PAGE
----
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South Asian Regionalism

Indra Nath Mukherji

By Sadiq Ahmed , Saman Kelegama, Ejaz Ghani
Sage Publications, Delhi, 2010, pp. xxi + 435, price not stated.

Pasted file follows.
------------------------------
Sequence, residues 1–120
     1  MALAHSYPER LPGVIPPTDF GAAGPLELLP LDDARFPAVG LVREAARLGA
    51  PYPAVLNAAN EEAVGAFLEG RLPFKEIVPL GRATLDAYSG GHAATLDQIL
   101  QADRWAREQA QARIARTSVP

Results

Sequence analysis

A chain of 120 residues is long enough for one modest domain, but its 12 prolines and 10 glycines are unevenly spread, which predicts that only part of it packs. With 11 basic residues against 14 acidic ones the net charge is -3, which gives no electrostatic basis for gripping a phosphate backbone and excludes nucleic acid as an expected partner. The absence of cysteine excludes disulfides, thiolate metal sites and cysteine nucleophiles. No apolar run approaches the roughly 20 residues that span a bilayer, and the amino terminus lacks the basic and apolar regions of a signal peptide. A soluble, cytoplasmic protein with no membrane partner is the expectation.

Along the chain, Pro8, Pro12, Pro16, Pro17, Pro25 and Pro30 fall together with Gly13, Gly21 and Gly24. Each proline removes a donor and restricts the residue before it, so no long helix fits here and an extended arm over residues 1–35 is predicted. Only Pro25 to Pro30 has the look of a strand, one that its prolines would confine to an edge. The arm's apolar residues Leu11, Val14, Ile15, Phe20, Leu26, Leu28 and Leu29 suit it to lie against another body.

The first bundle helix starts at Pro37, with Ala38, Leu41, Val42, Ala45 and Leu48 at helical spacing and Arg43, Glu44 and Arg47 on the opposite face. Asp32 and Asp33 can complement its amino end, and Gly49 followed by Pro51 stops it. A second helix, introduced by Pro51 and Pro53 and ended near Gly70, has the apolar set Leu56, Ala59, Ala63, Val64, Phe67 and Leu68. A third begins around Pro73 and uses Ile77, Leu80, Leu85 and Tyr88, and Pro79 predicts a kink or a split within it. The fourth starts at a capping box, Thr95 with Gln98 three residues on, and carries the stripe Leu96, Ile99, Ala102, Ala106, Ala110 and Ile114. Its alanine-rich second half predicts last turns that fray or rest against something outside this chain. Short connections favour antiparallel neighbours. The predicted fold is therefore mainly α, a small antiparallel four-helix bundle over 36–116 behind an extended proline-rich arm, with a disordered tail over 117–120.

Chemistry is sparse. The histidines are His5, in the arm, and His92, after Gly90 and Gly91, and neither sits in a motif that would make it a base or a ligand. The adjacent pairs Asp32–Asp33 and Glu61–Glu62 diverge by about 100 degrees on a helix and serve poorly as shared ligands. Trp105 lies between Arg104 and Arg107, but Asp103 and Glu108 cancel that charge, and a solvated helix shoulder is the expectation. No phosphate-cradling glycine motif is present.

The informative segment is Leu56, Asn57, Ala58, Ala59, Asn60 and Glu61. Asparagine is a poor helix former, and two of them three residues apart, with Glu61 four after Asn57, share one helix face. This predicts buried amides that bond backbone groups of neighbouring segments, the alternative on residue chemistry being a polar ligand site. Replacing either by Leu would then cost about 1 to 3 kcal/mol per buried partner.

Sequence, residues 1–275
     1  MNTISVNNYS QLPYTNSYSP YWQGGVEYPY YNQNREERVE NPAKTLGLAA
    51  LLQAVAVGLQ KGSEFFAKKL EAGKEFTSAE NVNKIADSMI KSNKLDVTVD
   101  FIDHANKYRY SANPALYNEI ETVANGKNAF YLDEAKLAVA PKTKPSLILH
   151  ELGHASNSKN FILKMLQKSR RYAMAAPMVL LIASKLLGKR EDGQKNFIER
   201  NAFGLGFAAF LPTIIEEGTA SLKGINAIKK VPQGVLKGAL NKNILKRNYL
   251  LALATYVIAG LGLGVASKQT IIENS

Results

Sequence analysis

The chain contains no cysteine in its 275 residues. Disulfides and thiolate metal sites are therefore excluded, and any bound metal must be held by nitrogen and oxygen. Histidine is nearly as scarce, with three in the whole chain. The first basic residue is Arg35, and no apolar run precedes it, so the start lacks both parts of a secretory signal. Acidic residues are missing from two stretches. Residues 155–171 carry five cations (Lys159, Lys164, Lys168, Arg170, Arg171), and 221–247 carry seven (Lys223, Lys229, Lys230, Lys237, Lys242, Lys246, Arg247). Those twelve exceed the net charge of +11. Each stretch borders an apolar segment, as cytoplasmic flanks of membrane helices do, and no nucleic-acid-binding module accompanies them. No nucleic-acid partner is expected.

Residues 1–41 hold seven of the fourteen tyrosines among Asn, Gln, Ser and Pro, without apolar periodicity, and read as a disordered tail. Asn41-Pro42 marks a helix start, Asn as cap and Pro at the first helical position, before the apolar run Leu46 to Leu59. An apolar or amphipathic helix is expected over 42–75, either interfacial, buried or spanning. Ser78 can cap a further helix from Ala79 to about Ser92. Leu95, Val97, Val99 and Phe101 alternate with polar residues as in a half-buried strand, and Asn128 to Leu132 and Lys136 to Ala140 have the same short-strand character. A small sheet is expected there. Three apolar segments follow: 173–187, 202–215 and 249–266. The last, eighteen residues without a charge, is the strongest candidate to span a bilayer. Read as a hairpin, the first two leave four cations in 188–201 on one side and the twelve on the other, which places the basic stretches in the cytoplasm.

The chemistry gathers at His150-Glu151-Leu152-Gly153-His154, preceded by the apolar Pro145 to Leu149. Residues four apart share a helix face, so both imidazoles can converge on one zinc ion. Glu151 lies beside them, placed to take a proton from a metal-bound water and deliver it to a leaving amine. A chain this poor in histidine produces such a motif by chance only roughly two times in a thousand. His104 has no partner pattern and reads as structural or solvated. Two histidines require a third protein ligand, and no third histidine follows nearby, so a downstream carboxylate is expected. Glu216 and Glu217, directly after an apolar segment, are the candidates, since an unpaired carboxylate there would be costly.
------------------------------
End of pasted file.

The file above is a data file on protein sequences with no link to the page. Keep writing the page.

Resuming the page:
South Asia has attracted global attention, having experienced rapid GDP growth since 1980, averaging nearly 6 percent per annum.It is also true that the region has shown considerable resilience in face of global financial crisis of 2008–09. Yet the region faces many challenges. In a Preface to the book the editors point to the two faces of South Asia. The first is the dynamic, growing rapidly, highly urbanized region benefiting from globalization. The second is largely agricultural, land-locked, suffering from many conflicts and lagging behind. This dichotomy is in fact, increasing. Regional conflicts have made South Asia one of the least integrated regions in the world. Also highlighted is the fact that several lagging regions in the larger South Asian countries of Bangladesh, India and Pakistan are located in the border areas and suffer from lack of market integration. The current volume is the outcome of the First South Asia Economic Summit (SAES) which sought to provide a forum for a public debate on economic cooperation in South Asia. The SAES was held in Colombo during 28–30 August 2008, as a follow-up to the 15th SAARC Heads of State Summit, also held in Colombo. This was organized by the Institute of Policy Studies, Sri Lanka, and the Federation of Chambers of Commerce and Industry of Sri Lanka in partnership with a number of policy-oriented Think Tanks such as the Research and Information System for Developing Countries, New Delhi, and a number of international organizations. Part 1 of the book brings out the imperatives of cooperation. The opening article by Akmal Hussain brings out a perspective on peace and economic cooperation in South Asia. Amid its diversity, South Asia has shared civilizational propensities of transcending the ego as a means of fulfillment and harmonizing social and economic life with nature. Inter-state peace in the region rather than enhanced military capability is the key to national security, indeed human survival. But the question to ask in this context is: what is preventing ‘South Asian sensibility’ from taking advantage of the Asian resurgence? Also, in the context of shifting global economic power from North America and Europe to Asia, can South Asia piggy ride this shift? Within South Asia can India be the locomotive for change as China has been for East Asia? The other paper focusing on making regional cooperation work for the poor is by Sadiq Ahmed and Ejaz Ghani. South Asia’s prospects changed in ...

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